Cover of: Crowdsourcing | Jeff Howe

Crowdsourcing

why the power of the crowd is driving the future of business

1st ed.

  • 3 Want to read

Published by Crown Business in New York .
Written in English.

About the Book

"The amount of knowledge and talent dispersed among the human race has always outstripped our capacity to harness it. Crowdsourcing ­corrects that--but in doing so, it also unleashes the forces of creative destruction." --From CrowdsourcingFirst identified by journalist Jeff Howe in a June 2006 Wired article, "crowdsourcing" describes the process by which the power of the many can be leveraged to accomplish feats that were once the province of the specialized few. Howe reveals that the crowd is more than wise--it's talented, creative, and stunningly productive. Crowdsourcing activates the transformative power of today's technology, liberating the latent potential within us all. It's a perfect meritocracy, where age, gender, race, education, and job history no longer matter; the quality of work is all that counts; and every field is open to people of every imaginable background. If you can perform the service, design the product, or solve the problem, you've got the job.But crowdsourcing has also triggered a dramatic shift in the way work is organized, talent is employed, research is conducted, and products are made and marketed. As the crowd comes to supplant traditional forms of labor, pain and disruption are inevitable. Jeff Howe delves into both the positive and negative consequences of this intriguing phenomenon. Through extensive reporting from the front lines of this revolution, he employs a brilliant array of stories to look at the economic, cultural, business, and political implications of crowdsourcing. How were a bunch of part-time dabblers in finance able to help an investment company consistently beat the market? Why does Procter & Gamble repeatedly call on enthusiastic amateurs to solve scientific and technical challenges? How can companies as diverse as iStockphoto and Threadless employ just a handful of people, yet generate millions of dollars in revenue every year? The answers lie within these pages. The blueprint for crowdsourcing originated from a handful of computer programmers who showed that a community of like-minded peers could create better products than a corporate behemoth like Microsoft. Jeff Howe tracks the amazing migration of this new model of production, showing the potential of the Internet to create human networks that can divvy up and make quick work of otherwise overwhelming tasks. One of the most intriguing ideas of Crowdsourcing is that the knowledge to solve intractable problems--a cure for cancer, for instance--may already exist within the warp and weave of this infinite and, as yet, largely untapped resource. But first, Howe proposes, we need to banish preconceived notions of how such problems are solved. The very concept of crowdsourcing stands at odds with centuries of practice. Yet, for the digital natives soon to enter the workforce, the technologies and principles behind crowdsourcing are perfectly intuitive. This generation collaborates, shares, remixes, and creates with a fluency and ease the rest of us can hardly understand. Crowdsourcing, just now starting to emerge, will in a short time simply be the way things are done.From the Hardcover edition.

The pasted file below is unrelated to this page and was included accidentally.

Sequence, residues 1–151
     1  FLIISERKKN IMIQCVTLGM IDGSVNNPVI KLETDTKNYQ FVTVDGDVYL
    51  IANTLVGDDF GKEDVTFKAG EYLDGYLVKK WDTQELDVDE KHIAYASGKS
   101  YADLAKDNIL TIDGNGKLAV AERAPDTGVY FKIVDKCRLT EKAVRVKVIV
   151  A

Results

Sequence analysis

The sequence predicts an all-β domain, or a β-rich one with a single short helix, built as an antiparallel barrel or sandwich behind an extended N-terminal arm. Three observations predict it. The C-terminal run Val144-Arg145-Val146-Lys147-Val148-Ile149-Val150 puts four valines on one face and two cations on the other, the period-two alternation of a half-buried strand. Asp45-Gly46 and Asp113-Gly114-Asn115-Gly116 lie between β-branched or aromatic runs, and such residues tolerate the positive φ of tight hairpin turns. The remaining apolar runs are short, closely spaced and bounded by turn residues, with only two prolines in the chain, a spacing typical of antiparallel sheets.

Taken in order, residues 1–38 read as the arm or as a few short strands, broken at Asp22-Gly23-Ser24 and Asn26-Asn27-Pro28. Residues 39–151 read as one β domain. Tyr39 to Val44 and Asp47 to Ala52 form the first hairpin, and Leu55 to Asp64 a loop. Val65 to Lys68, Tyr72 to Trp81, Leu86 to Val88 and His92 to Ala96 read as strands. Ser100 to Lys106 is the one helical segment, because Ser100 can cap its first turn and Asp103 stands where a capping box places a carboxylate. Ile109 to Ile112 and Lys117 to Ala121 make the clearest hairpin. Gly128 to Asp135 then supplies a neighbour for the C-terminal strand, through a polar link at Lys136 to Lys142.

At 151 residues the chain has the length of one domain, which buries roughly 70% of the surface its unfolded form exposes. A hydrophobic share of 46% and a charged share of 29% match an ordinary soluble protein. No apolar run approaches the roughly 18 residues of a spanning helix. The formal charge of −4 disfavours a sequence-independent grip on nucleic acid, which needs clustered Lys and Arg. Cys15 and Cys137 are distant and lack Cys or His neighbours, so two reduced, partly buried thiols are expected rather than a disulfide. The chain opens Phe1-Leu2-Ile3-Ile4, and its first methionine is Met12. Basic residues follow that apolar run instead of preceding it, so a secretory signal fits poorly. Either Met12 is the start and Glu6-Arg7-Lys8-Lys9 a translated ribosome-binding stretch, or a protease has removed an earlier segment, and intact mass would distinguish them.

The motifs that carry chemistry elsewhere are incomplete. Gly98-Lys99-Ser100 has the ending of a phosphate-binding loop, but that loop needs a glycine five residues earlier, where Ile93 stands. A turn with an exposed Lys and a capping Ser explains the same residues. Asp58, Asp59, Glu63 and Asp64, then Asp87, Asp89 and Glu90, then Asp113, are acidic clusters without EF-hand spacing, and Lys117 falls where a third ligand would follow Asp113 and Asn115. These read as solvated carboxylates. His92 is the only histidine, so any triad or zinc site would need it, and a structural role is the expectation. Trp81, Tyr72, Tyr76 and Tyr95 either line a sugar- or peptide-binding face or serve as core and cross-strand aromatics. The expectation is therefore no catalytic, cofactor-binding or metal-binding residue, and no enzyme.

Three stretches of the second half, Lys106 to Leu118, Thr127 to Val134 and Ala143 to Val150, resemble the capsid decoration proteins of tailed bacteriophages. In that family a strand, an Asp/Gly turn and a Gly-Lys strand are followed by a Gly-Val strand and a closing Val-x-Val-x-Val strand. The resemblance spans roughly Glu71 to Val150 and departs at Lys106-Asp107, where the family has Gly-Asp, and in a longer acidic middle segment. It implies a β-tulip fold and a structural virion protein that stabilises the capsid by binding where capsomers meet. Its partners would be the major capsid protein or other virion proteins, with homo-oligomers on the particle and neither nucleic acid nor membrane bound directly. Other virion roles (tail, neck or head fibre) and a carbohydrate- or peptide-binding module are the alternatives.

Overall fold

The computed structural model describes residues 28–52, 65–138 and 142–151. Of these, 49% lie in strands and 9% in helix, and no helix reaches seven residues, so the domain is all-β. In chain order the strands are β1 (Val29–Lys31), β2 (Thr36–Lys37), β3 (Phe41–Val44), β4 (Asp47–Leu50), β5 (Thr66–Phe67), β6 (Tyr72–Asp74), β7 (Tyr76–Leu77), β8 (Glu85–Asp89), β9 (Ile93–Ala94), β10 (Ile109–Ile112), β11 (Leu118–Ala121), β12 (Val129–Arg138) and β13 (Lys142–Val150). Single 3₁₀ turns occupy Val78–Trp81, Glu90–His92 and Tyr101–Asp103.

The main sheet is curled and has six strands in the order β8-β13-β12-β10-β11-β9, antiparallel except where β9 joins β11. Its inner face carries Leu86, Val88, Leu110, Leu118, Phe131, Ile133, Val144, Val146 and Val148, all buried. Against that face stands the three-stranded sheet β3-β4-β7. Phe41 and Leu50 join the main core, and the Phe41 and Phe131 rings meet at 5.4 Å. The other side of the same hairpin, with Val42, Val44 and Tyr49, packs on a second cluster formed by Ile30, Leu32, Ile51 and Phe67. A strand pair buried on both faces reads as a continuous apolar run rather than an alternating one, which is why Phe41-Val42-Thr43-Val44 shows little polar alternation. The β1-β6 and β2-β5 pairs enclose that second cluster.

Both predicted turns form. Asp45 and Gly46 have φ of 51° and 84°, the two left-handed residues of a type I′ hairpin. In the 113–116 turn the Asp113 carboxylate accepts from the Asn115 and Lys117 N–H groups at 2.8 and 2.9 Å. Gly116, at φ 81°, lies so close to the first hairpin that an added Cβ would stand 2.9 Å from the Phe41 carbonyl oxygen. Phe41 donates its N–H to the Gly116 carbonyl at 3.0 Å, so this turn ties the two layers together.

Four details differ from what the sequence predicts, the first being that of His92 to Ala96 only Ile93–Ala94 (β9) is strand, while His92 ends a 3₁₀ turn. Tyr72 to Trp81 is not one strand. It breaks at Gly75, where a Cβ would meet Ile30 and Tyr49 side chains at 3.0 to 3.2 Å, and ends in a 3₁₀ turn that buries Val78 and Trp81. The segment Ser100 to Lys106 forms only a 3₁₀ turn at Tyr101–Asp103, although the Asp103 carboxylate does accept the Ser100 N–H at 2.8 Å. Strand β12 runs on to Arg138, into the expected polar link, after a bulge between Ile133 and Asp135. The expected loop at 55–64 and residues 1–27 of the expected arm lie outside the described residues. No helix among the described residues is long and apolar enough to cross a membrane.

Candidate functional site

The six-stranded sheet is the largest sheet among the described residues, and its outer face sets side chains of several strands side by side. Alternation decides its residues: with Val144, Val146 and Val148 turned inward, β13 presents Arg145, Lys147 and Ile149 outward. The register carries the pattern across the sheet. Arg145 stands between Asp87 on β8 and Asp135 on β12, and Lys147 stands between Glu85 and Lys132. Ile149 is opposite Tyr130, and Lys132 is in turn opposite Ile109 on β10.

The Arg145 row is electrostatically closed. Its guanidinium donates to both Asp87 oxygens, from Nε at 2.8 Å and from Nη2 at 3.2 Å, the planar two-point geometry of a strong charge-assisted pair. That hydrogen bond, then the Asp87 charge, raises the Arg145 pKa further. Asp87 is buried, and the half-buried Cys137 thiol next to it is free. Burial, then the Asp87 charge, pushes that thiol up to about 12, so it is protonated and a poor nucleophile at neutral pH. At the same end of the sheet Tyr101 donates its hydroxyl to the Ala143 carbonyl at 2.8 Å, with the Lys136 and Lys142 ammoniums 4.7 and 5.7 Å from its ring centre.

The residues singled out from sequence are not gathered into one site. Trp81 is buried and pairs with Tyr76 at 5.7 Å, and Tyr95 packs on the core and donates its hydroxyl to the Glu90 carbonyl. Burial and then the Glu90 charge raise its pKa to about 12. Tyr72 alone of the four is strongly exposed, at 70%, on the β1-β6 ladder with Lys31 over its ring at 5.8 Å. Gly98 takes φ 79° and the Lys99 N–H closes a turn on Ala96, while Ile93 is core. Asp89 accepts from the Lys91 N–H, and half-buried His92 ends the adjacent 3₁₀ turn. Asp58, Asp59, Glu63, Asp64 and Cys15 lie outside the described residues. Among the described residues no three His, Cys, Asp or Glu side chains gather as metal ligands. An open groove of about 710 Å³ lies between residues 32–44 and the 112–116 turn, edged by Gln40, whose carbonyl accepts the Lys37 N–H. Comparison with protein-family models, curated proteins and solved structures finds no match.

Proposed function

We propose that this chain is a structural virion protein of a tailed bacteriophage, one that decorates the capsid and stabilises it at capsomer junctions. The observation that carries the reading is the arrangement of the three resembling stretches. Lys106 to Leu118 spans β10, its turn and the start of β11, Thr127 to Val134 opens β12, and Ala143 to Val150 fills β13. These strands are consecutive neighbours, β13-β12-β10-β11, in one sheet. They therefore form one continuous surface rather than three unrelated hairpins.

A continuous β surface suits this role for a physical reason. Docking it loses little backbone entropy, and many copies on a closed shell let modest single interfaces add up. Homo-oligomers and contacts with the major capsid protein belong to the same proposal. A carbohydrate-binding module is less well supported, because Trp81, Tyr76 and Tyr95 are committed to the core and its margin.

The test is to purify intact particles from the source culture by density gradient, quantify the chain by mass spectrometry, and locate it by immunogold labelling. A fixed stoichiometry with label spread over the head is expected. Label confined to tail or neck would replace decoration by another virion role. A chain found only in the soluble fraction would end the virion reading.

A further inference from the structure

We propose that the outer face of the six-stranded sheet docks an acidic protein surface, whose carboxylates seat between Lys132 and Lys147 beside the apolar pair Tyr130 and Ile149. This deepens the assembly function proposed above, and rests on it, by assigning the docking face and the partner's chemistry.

About the Edition

An in-depth analysis of the rapidly growing phenomenon of crowdsourcing reflects on the dramatic economic, cultural, business, and political implications of applying the open-source idea to a variety of fields outside of software development and addresses the unique opportunities and problems of this expanding trend.

Edition Notes

Includes index.

Classifications

Library of Congress
HD58.8 .H693 2008

The Physical Object

Pagination
vii, 311 p. ;
Number of pages
311

ID Numbers

Open Library
OL22382422M
ISBN 10
0307396207
ISBN 13
9780307396204
OCLC/WorldCat
176951599
Library Thing
4996358
Goodreads
2601510

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History

Download catalog record: RDF / JSON / OPDS
April 28, 2011 Edited by OCLC Bot Added OCLC numbers.
January 2, 2011 Edited by ImportBot Found a matching record from Library of Congress .
August 19, 2010 Edited by IdentifierBot added LibraryThing ID
April 24, 2010 Edited by Open Library Bot Fixed duplicate goodreads IDs.
November 12, 2008 Created by ImportBot Initial record created, from Ithaca College Library MARC record.